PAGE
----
Immigration judges can grant asylum, green cards or other forms of relief — or order someone deported for breaking the country's immigration laws. About half of immigrants were given deportation orders in immigration court rulings handed down since October, according to a report by the Transactional Records Access Clearinghouse at Syracuse University.
The courts overseen by the Justice Department's Executive Office for Immigration Review nearly always have long wait times for hearings. As of January, more than 360,000 immigration court cases were pending for an average of 573 days, according to TRAC.
Oscar, who came to the country as a 17-year-old last year from El Salvador, has been waiting for a decision on whether he can continue to live with his sister in Los Angeles - or be sent back and face street gangs that killed his mother and threatened to kill him if he didn't join their ranks. His lawyer requested that his last name not be used out of fear for his safety if he is deported.
Oscar is seeking legal status through a program that helps foreign children in the United States who have been abused or abandoned. A hearing on his case was supposed to happen in October, but now has been delayed until June or later, leaving him to worry about his future.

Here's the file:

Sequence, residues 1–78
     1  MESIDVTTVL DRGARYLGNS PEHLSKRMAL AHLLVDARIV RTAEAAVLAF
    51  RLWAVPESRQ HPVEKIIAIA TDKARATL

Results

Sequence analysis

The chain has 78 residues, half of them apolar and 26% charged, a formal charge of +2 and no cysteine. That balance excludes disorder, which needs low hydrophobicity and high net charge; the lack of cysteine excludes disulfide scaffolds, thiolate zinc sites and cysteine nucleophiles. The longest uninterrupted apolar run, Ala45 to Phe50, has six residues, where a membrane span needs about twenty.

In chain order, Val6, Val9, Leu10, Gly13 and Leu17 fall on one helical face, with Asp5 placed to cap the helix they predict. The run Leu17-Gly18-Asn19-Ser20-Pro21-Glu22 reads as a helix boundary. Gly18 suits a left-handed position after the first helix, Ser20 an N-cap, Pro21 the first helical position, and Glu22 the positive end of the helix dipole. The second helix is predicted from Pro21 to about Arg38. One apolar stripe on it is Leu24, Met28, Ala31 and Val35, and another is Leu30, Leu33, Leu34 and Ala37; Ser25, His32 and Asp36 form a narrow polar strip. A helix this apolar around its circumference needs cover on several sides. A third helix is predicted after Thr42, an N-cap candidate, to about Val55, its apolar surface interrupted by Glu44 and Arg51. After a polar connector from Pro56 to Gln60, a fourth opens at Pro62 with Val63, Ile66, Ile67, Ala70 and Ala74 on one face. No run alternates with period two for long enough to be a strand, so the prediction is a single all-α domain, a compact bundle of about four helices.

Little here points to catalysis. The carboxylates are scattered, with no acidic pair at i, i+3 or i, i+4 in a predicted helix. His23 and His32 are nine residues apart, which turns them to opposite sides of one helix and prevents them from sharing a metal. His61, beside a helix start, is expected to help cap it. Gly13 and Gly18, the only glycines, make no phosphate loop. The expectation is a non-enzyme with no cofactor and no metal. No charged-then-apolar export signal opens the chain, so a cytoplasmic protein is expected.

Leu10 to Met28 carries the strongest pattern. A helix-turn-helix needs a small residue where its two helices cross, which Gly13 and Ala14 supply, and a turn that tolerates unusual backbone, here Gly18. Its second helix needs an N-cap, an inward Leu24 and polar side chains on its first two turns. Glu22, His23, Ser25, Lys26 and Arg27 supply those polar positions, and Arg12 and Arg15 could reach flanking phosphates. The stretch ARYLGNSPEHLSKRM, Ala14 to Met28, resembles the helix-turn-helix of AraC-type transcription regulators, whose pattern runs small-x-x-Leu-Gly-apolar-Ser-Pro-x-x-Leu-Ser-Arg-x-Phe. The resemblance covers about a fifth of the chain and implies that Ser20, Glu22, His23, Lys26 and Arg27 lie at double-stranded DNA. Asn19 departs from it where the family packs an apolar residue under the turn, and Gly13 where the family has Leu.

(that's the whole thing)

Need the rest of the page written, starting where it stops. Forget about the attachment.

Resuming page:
"I'm afraid they're going to send me back," he said.
Immigration Judge Dana Leigh Marks said she doesn't have two weeks open on her calendar in San Francisco's immigration court for merit hearings until June 2017. And she can't just bump people with court dates this year, because they've also been waiting for their day in court.
"You have this very delicately balanced system. Now we have this added dysfunction to cope with on top of that," she said. "I just think the ripple effect is going to be continuing for a while."
Some immigration lawyers said the shutdown caused heartache for many clients, but is par for the course in an overburdened system. Similar problems occur when a judge is sick or winter weather closes a courthouse.
"The backlog will keep on coming, whether it was shut down or not," said Andrew Johnson, an immigration attorney in New York. "You just got bad luck if you were one of the ones who were hit during that time."